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GENITOURINARY RADIOLOGY  
Year : 2017  |  Volume : 27  |  Issue : 3  |  Page : 302-305
An extremely rare case of dermoid cyst of urinary bladder


1 Department of Radiodiagnosis, VMMC & Safdarjung Hospital, New Delhi, India
2 National Institute of Pathology, VMMC & Safdarjung Hospital, New Delhi, India

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Date of Web Publication25-Sep-2017
 

   Abstract 

We report an extremely rare case of a dermoid cyst of the urinary bladder in a 30-year-old female who presented with pain in the left flank and dysuria since 9 months. On imaging (ultrasound and computed tomography), a relatively well-defined mass lesion with areas of fat and calcification was seen arising from the bladder wall. Cystoscopy showed presence of hair on the surface of the lesion. Histopathological findings were consistent with dermoid cyst in the urinary bladder.

Keywords: Carcinomatous; cystoscopy; cystic teratoma; dermoid cyst; fat; urinary bladder

How to cite this article:
Jain C, Mittal MK, Shiraz F. An extremely rare case of dermoid cyst of urinary bladder. Indian J Radiol Imaging 2017;27:302-5

How to cite this URL:
Jain C, Mittal MK, Shiraz F. An extremely rare case of dermoid cyst of urinary bladder. Indian J Radiol Imaging [serial online] 2017 [cited 2020 Aug 9];27:302-5. Available from: http://www.ijri.org/text.asp?2017/27/3/302/215573

   Introduction Top


Teratomas comprise a number of histologic types of tumors, most common being mature cystic teratoma (also known as dermoid cyst). It frequently consists of skin and sweat glands, while other commonly found components include clumps of long hair, pockets of sebum, blood, fat, bone, nails, teeth, eyes, cartilage, and thyroid tissue.[1] Dermoid cysts can be found at various sites, most common being the ovaries. However, the occurrence of dermoid cysts in the urinary bladder is an extremely rare entity.

The first case of urinary bladder teratoma was reported by Marsden et al. in 1981 who studied the dataset of 137 children (age 0–14 years) from the Manchester University Children's Tumour Registry (MCTR).[2] However, the essential nature of a teratoma was not clearly established in this review, and a broad term of “germ cell tumors” was used.

The first case of urinary bladder teratoma from Asia was described by Misra et al. in 1997 in a young Indian girl with a partially mobile mass on per rectal examination. The mass had tufts of hair on cystoscopic examination; a provisional diagnosis of bladder teratoma was corroborated by histopathological examination and the mass was resected surgically.[3]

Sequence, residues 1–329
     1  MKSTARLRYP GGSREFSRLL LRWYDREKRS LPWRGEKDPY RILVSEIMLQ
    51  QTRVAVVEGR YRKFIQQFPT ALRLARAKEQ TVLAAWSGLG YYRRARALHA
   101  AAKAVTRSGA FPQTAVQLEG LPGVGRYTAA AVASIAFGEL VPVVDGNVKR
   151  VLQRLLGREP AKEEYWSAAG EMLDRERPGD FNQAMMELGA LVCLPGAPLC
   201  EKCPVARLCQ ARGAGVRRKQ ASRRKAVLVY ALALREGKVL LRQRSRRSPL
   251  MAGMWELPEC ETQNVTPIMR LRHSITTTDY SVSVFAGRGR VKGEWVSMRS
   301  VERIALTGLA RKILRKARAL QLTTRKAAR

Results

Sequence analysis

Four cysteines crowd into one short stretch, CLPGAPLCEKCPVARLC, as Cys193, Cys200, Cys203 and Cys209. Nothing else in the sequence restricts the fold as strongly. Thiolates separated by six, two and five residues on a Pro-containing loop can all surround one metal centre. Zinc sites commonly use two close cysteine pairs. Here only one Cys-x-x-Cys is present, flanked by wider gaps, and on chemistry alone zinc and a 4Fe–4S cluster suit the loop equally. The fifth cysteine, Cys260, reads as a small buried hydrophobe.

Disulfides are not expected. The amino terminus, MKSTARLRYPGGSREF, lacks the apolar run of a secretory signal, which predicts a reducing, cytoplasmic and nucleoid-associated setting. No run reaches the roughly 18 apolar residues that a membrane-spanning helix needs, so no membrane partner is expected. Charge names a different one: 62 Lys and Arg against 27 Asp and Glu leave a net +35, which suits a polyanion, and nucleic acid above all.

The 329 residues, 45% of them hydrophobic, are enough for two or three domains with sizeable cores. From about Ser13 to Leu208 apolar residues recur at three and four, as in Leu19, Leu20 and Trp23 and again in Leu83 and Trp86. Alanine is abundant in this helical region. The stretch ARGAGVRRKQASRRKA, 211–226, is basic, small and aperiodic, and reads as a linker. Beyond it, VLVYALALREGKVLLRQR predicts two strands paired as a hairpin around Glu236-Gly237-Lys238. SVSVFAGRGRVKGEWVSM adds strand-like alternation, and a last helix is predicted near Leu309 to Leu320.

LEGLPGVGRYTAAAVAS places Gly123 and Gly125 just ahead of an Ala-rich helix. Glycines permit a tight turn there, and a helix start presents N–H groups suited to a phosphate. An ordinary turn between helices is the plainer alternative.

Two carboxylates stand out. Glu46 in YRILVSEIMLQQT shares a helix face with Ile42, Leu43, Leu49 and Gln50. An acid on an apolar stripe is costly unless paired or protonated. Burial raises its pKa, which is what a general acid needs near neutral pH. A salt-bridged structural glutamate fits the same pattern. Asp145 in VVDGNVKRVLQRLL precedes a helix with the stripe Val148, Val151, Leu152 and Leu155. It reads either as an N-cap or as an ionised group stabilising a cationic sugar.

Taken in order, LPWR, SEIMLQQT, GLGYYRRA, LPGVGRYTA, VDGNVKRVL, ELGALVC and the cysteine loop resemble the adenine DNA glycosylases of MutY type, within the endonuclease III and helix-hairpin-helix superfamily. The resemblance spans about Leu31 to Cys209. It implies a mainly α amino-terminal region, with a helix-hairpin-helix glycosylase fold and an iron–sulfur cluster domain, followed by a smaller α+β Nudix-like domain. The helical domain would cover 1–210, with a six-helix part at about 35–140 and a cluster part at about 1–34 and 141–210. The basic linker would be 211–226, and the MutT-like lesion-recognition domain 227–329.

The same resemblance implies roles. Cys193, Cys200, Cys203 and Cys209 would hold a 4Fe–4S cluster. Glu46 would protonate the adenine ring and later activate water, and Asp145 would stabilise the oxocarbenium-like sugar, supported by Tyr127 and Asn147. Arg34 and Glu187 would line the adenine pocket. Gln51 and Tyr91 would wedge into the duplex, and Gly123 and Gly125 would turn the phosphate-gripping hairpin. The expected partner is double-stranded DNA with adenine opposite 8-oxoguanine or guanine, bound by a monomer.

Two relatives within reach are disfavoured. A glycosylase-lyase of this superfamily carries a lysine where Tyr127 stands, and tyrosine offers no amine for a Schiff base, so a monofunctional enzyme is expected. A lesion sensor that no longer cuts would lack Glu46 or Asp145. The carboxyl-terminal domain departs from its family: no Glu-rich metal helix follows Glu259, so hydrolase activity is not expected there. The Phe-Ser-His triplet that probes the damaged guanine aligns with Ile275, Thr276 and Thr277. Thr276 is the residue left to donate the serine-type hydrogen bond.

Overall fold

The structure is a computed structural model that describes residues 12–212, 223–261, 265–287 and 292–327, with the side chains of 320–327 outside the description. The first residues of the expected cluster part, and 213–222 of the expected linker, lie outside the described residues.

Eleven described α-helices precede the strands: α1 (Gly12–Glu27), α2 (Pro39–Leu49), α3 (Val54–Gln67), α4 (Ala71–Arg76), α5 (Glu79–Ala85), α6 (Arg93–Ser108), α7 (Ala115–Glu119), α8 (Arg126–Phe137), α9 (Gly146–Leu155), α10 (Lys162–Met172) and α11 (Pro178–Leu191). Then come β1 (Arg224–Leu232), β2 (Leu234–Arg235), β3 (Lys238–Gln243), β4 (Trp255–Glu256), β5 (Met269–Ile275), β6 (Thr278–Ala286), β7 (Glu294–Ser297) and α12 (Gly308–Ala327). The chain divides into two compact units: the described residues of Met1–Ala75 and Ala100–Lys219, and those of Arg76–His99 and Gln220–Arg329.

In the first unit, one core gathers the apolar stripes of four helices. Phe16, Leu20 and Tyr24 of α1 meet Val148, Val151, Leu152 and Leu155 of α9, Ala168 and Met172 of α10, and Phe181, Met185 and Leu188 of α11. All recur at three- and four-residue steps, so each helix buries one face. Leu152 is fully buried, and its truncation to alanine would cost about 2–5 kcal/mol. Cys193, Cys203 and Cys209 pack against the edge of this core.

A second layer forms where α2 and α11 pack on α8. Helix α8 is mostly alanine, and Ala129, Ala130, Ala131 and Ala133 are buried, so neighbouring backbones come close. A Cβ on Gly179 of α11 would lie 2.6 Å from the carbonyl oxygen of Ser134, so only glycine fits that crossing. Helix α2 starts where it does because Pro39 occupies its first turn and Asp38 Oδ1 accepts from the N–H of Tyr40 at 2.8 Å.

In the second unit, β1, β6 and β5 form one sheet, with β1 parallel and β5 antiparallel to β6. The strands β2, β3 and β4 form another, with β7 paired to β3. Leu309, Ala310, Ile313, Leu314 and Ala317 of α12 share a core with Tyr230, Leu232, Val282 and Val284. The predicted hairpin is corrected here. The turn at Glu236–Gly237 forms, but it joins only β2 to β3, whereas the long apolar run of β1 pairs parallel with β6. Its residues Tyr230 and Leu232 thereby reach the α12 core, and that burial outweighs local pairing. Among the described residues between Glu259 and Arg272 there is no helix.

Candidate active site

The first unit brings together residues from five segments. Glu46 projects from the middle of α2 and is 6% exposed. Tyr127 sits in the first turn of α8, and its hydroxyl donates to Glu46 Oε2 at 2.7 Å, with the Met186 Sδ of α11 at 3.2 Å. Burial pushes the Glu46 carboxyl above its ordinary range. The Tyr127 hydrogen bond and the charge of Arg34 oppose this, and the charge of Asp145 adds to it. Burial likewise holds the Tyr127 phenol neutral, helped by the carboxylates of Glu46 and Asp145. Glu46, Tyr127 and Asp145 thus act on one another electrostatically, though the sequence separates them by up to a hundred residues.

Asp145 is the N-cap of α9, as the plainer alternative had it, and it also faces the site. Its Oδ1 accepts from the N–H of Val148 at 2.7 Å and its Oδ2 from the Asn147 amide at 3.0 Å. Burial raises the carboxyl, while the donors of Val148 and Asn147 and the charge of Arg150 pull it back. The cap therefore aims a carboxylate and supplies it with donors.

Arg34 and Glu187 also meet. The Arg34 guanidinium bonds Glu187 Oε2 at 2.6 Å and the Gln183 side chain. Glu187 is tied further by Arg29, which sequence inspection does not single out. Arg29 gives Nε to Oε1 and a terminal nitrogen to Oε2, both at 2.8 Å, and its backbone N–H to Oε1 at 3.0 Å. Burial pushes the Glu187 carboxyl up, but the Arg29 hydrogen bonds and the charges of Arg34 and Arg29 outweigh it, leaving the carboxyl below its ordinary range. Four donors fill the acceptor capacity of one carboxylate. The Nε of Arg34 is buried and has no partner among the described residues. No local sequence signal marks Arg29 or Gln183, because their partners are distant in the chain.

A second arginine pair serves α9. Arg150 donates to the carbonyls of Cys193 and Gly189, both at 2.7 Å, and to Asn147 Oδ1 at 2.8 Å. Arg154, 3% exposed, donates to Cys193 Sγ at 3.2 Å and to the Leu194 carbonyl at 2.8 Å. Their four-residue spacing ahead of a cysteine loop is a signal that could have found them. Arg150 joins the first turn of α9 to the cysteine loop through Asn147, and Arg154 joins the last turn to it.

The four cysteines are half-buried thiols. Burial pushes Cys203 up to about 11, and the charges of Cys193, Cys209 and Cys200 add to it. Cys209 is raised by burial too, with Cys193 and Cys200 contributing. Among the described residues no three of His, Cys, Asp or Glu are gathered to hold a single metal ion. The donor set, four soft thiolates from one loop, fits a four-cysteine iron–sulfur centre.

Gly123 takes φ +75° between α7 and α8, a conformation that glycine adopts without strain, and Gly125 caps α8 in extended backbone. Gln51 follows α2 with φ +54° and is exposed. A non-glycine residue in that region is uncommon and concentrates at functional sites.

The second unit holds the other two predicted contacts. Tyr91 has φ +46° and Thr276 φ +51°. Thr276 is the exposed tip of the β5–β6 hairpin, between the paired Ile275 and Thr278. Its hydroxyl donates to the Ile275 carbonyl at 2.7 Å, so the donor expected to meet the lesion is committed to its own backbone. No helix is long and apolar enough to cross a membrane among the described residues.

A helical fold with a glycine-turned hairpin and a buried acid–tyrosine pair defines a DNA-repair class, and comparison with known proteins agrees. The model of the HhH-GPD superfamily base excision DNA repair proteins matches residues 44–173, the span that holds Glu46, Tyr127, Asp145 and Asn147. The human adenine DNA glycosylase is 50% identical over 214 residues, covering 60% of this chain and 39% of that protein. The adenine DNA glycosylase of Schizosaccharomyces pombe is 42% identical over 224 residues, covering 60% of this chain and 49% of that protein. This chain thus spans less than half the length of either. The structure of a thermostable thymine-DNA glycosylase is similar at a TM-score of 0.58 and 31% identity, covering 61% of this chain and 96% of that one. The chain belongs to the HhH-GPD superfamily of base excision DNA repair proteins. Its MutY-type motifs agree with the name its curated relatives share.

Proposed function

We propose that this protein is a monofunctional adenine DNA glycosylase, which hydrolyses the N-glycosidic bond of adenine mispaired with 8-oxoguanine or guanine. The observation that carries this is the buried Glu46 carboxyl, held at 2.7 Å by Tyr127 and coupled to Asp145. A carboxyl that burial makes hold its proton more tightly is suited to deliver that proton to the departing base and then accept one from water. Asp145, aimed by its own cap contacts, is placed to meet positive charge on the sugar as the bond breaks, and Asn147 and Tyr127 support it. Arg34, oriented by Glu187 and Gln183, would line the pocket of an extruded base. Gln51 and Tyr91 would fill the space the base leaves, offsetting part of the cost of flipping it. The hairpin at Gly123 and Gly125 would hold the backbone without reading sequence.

Agrawal et al. described another case in a 29-year-old female with a yellowish-to-grayish white bladder mass on cystoscopy with multiple hair on its surface. Transurethral resection of the mass was done, and a diagnosis of mature teratoma of urinary bladder was confirmed.[4]

To our knowledge, the last case of dermoid cyst of urinary bladder was reported by Okeke et al. in 2007 in a 34-year-old female with multiple tiny echogenic structures causing acoustic shadows in the urinary bladder.[5]

Because only a few cases have been reported in the literature in the past, we report a case of dermoid cyst of urinary bladder and describe the ultrasound (US), computed tomography (CT), and cystoscopic findings of the same because these tumors, if detected early and diagnosed correctly, show a good prognosis after surgical excision.


   Case Report Top


Clinical presentation

A 30-year-old female presented to our hospital with the chief complaints of left flank pain and dysuria since 9 months. Patient had no complaints of fever or hematuria. There was a history of occasional tobacco chewing since the past 10 years. There was no relevant medical history or history of any surgical intervention. Physical examination was unremarkable apart from poor dental hygiene and some missing teeth. Laboratory investigations revealed normal hemoglobin level, total leukocyte count, kidney function tests, and viral markers. The routine urine examination was negative for red blood cells, white blood cells, protein, and glucose.

Transvaginal and transabdominal ultrasound scans revealed a 29 × 18 mm heterogeneously hyperechoic nondependent mass lesion [Figure 1]A arising from the right superior wall (dome) of the urinary bladder with multiple areas of calcification and dense posterior acoustic shadowing. Rest of the urinary bladder wall had normal thickness. Bilateral ovaries were normal in size and echotexture and were separate from the bladder wall [Figure 1]B. Uterus was normal in shape, size, and echotexture. No fluid or collection was noted in the pouch of Douglas.